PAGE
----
Marilee Sushoreba—programs coordinator for International Student Services and coordinator of the Millennium Development Goals Awareness Project at UW-Madison—accompanied seven students in the newly minted Global Health Certificate for Undergraduates program on a United Nations Study Tour in June.
The study tour sought to provide participants with a basic understanding of the UN, its network of specialized agencies and programs, and how these collaborate to fulfill UN goals, especially those related to global health. The students reported on their experiences in articles posted on the ISS-Millennium Development Goals website: http://www.iss.wisc.edu/mdgap/.
For Wisconsin in the World, several of them reflected further on what they found most interesting and what they gained:
Arianna Lund, from Minneapolis, Minnesota, is a junior, majoring in pre-nursing:
“The most interesting thing that I learned while on the study tour is how interconnected all the programs and agencies are. Each program or agency was working towards the Millennium Development Goals and each group did their part. Through these, they hoped to achieve a healthier, safer world. For example, the United Nations Development Programme works towards reducing poverty through environmental management. Also, the United Nations Children’s Fund works toward child protection and rights through access and availability to vaccines. Each program or agency strives to meet the goals by 2015.
“From this experience I personally learned more of my passion for global health. In particular, my interests lie in women empowerment and children’s equality and rights. I am thankful for this amazing opportunity to study in New York City; while there, I explored the city, made new friends and learned so much at the UN meetings. I would love to find myself working, volunteering or participating in an internship, at the UN. Through this experience, I feel like many more doors have opened for me, and I am now welcoming the idea of pursuing a master’s degree in public health.”
Soyoung Chung, from Seoul, South Korea, is a senior majoring in biochemistry:
“The most interesting/surprising thing I learned during my study visit to the United Nations was the importance of women’s role in solving basically a majority of the problems many developing countries are fighting against. These include health issues, human rights, are education, to name a few.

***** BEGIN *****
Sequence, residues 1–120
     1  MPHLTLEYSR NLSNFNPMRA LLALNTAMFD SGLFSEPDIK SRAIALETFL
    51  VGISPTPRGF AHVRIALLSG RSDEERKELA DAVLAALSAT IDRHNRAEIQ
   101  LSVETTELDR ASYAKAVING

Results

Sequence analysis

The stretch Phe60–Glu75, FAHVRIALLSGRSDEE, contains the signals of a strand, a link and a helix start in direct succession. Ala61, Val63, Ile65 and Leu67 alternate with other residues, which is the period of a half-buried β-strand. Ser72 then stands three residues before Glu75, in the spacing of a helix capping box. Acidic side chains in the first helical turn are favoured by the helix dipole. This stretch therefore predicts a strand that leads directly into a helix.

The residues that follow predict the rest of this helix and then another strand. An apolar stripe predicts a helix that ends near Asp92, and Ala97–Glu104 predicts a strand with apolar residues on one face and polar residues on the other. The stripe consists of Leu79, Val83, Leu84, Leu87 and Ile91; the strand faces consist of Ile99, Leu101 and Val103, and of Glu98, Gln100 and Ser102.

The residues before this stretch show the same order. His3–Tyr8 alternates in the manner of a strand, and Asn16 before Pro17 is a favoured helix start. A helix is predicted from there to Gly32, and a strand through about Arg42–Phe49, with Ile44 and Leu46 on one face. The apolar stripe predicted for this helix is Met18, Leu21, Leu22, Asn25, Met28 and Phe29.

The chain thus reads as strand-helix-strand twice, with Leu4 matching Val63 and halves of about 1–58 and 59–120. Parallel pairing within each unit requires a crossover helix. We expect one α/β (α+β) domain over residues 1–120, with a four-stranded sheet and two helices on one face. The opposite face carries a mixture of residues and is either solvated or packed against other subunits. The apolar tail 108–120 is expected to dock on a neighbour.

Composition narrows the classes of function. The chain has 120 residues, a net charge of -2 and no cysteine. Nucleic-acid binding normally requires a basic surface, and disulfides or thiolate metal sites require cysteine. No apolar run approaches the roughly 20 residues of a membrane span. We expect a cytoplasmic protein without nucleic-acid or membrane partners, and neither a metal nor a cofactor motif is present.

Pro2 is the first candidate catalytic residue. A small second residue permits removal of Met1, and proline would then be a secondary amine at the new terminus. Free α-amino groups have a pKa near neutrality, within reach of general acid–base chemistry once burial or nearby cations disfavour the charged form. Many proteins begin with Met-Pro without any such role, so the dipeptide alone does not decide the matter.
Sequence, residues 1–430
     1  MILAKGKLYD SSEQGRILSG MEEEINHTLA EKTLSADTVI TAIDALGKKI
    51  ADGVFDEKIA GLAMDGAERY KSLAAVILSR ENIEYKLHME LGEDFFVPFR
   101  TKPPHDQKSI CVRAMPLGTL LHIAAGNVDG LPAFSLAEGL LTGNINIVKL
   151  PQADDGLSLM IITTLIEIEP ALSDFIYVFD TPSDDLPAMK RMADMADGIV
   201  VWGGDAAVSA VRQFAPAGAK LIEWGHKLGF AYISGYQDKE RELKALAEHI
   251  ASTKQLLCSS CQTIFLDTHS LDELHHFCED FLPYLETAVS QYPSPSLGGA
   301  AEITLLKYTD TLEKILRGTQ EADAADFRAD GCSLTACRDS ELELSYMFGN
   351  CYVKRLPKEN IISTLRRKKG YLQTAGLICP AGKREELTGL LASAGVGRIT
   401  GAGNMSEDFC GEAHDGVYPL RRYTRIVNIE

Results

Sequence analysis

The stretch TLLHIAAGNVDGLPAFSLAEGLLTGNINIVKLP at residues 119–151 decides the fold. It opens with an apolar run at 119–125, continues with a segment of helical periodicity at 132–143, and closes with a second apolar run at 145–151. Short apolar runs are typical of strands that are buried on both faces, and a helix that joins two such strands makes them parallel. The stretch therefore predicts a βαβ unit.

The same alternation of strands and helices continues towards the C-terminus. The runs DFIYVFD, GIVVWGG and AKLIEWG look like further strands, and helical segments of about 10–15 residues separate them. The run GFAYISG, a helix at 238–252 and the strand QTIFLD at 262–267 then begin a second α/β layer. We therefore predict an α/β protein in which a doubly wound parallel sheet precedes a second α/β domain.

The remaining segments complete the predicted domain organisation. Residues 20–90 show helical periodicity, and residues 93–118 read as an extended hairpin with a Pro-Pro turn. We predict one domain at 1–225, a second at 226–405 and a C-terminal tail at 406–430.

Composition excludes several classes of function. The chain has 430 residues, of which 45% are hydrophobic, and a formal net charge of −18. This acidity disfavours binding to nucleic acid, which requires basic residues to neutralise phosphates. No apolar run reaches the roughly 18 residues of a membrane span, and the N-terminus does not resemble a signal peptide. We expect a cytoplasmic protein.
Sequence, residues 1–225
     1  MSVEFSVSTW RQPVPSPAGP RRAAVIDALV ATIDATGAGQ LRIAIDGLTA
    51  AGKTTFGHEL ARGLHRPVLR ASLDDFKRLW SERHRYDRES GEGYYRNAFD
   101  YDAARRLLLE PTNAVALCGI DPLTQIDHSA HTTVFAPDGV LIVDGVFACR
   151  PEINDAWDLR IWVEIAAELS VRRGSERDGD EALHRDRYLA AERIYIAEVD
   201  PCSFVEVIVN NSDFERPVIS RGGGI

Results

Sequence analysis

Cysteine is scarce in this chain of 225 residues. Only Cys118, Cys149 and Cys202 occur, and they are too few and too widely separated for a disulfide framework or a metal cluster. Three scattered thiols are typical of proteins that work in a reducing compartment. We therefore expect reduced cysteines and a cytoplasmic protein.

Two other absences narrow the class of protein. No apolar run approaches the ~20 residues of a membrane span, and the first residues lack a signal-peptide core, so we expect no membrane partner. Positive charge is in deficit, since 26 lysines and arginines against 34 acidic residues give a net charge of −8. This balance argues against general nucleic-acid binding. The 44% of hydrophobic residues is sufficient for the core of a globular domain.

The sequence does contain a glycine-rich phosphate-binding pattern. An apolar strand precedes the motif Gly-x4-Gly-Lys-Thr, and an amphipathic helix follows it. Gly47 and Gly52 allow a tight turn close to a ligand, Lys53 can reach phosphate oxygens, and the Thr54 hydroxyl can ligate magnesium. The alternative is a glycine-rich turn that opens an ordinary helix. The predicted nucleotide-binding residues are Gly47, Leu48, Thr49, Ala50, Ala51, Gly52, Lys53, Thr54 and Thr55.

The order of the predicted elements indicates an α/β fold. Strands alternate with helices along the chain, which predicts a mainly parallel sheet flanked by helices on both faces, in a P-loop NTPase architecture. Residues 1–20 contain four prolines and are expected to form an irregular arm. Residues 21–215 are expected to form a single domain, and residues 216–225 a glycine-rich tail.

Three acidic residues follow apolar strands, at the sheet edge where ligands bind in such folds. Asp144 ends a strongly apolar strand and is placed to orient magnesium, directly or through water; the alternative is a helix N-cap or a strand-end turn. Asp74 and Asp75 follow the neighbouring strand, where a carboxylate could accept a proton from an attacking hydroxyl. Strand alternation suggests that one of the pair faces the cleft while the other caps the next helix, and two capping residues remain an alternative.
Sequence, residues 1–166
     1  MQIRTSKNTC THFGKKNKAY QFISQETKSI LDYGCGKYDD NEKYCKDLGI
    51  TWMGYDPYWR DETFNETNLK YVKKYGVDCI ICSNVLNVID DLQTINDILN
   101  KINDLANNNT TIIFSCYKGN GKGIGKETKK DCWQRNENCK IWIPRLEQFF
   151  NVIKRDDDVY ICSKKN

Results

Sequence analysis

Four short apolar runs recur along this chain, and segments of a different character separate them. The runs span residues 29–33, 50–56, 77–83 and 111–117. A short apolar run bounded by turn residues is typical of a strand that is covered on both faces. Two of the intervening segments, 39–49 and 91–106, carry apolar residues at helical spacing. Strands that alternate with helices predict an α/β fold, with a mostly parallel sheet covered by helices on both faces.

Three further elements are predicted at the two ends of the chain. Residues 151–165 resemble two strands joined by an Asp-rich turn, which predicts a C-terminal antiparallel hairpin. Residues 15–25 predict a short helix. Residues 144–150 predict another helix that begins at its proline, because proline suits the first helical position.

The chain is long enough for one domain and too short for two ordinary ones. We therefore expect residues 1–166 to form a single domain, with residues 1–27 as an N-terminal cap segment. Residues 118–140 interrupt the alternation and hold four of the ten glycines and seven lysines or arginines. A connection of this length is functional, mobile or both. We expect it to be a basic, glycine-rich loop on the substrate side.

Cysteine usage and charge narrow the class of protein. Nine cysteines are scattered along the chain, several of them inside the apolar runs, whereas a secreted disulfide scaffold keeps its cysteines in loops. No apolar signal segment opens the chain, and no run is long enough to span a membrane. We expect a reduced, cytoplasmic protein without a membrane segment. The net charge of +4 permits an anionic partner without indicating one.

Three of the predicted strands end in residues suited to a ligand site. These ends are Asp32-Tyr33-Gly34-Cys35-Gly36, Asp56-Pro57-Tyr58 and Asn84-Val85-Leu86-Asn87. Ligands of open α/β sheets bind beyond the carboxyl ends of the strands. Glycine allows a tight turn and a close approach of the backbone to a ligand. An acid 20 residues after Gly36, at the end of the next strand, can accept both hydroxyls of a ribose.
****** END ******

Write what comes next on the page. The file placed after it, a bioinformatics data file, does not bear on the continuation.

“I gained the sense of one small world while I was at the United Nations. All 192 member states came together to solve common issues of everyone that were affected regardless of their nationality, and those problems do eventually affect us in the developed countries if we do not help solving them. Also, I learned several ways to get involved at the United Nations, such as getting an internship and also gained the whole view of how a world-class organization like the United Nations operates and influences people all over the world.”
Danica Rockney, of Black River Falls, Wisconsin, is a senior, majoring in medical microbiology and immunology:
“Before this trip, I had an idea about what the UN was about and how they ran. However, when visiting the UN, that completely changed. I was unaware that in countries where the UN is active, the governments have to ask for help. Additionally, I was unaware how closely the UN works with each government in trying to find the best solutions that are sustainable based on culture and available resources. Although the UN is a huge organization, they do perform many activities on the ground that directly benefit citizens of the global community.
“This trip taught me that there are many ways to follow your passions and truly make a difference, whether it be with the UN or not. Above anything else, this trip taught me that everybody has the right to be an active participant in the global community no matter age, race, culture, religion, or country of citizenship, and when you follow your passions, you can truly make a difference.”
Madison Victor, of San Diego, California, is an international studies major:
“We often think of the United Nations as an international government of sorts; however, they are not that at all. Most all UN agencies that we met with made it extremely clear that they work with each country’s government and never control or make decisions for them. What I found most interesting is the regulation that an invitation into a country by the government is necessary before any UN affiliated organizations can begin its programs.
“I have obtained a comprehensive understanding of the United Nations, the most powerful international organization in the world. Most information we receive is very one-sided, often from the American point-of-view. Since this experience, I find that when I am trying to understand an international policy I can easily approach it from a multi-nation perspective.”
— by Kerry G. Hill